EPA Greenhouse Gas Emission Limits: What they Mean for State Legislatures
By Glen Andersen and Jocelyn Durkay | Vol . 23, No. 35 / September 2015
Did you know?
- EPA recently released regulations that would reduce carbon dioxide emissions from power plants 32 percent below 2005 levels.
- States must produce and submit a state plan for complying by September 2016, with the possibility of receiving a two-year extension.
- States have prepared for the regulations by requiring legislative review of state plans, among other actions.
The U.S. Environmental Protection Agency (EPA) released regulations in August 2015 for greenhouse gas emissions from both existing and new power plants to comply with federal court rulings and the Clean Air Act. While many states have already taken action to lower emissions through regional cap and trade programs or statewide emissions reductions mandates, the new EPA rules—known as the Clean Power Plan—will be the first federal action requiring states to enforce and meet strict carbon dioxide targets.
Setting the stage for the EPA action was a Supreme Court ruling from 2007 (Massachusetts v. EPA), which gave EPA the authority and duty to regulate greenhouse gases under the Clean Air Act. Specifically, the rule, implemented under sections 111(b) and 111(d) of the Clean Air Act, sets both interim and final individualized carbon dioxide emissions targets for the power sector in each state, with a final target in 2030. The final regulations differ substantially from the draft regulations EPA released in June 2014, with changes to state reduction targets and suggested methods for compliance. Since state legislation will likely be needed to ensure the reductions are met in the least costly manner, lawmakers are addressing a variety of questions, such as:
- Who will have authority to enforce the rule in the state, given a state plan may include energy efficiency or renewable energy requirements?
- Should the state begin compliance efforts, or wait until lawsuits against EPA are resolved?
- What is the best approach to satisfying the rule, given the multitude of compliance choices?
Given the major role lawmakers play in shaping state energy systems and creating regulatory frameworks, many are taking action in preparation for the new rules. More than 80 bills and resolutions related to 111(d) regulations were introduced in 31 states in 2015.
In the 2014 and 2015 sessions, several states enacted bills requiring legislative involvement in the 111(d) state plan process. For example, Arizona, Arkansas, Kansas, Nebraska, North Dakota, Pennsylvania, Tennessee and West Virginia established legislative review or approval of proposed state plans before they are submitted to EPA. Nebraska requires the Department of Environmental Quality to submit a state plan and a report on implementation impacts to the Legislature. West Virginia requires the Department of Environmental Protection to determine whether a state plan is feasible and submit it to the Legislature for approval.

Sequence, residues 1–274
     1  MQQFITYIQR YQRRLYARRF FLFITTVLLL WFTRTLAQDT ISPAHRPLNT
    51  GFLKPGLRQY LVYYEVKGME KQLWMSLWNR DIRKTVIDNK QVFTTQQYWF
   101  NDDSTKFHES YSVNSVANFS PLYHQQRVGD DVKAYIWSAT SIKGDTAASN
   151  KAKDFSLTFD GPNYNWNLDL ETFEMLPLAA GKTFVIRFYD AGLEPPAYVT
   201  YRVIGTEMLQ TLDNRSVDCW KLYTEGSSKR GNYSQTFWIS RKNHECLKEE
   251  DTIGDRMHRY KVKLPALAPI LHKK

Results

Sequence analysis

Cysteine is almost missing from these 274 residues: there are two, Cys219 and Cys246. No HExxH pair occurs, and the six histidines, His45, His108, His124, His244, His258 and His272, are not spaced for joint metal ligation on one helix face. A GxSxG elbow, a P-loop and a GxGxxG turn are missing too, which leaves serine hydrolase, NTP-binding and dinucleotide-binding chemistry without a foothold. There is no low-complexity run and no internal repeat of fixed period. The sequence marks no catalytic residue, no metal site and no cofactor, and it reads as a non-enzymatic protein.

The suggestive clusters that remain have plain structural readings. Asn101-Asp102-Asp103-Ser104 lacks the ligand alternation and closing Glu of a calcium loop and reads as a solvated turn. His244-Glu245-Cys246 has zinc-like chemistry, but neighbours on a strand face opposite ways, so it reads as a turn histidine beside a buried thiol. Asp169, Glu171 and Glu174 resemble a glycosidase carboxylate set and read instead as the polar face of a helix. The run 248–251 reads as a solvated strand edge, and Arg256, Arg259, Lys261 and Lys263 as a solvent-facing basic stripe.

Legislation enacted in at least five states would require a study or report on the regulation’s impacts. For example, Tennessee legislation requires the Department of Environment and Conservation to develop a report for the legislature assessing the regulation’s impacts on the electric power sector, electricity consumers, employment, economic development, state and local governments, and existing state laws.
Arkansas legislation establishes that if any customer class experiences “significant” electricity or gas rate increases, the Department of Environmental Quality may hold public hearings, revise a state plan and submit it to the Legislative Council co-chairs for approval. The legislation also requires an annual evaluation of the regulation’s impact on energy-intensive manufacturers.
States also are examining multistate compliance approaches. Pennsylvania legislation requires the Department of Environmental Protection to consider whether the state should participate in existing multistate programs, create a new multistate program, work in partnership with other states or include market-based trading programs in a state plan.
Additional legislative action to meet section 111(d) requirements or to engage in a multistate compliance effort is expected in 2016; however, it could present a challenge in some states due to the legislative calendar: In 2016, four state legislatures will not meet, and six others will have limited sessions.
Efforts are underway in both the U.S. House and Senate to either delay the rules’ implementation in 2022 or allow states to forego submitting an implementation plan. The House passed the Ratepayer Protection Act of 2015, which would delay implementation of the rule until all legal challenges against EPA have been decided. The bill also would exempt states that demonstrate how the rule would threaten electricity reliability or negatively affect ratepayers. Legislation has been introduced in the Senate and received committee approval. However, based on President Obama’s support of the Clean Power Plan, it is likely that either bill would have to overcome a presidential veto.
In addition, both the House and Senate EPA-Interior Appropriations bills for FY 2016 contain provisions that would prohibit EPA from using any appropriated funds to finalize, implement or enforce any rules or regulations related to sections 111(b) or 111(d).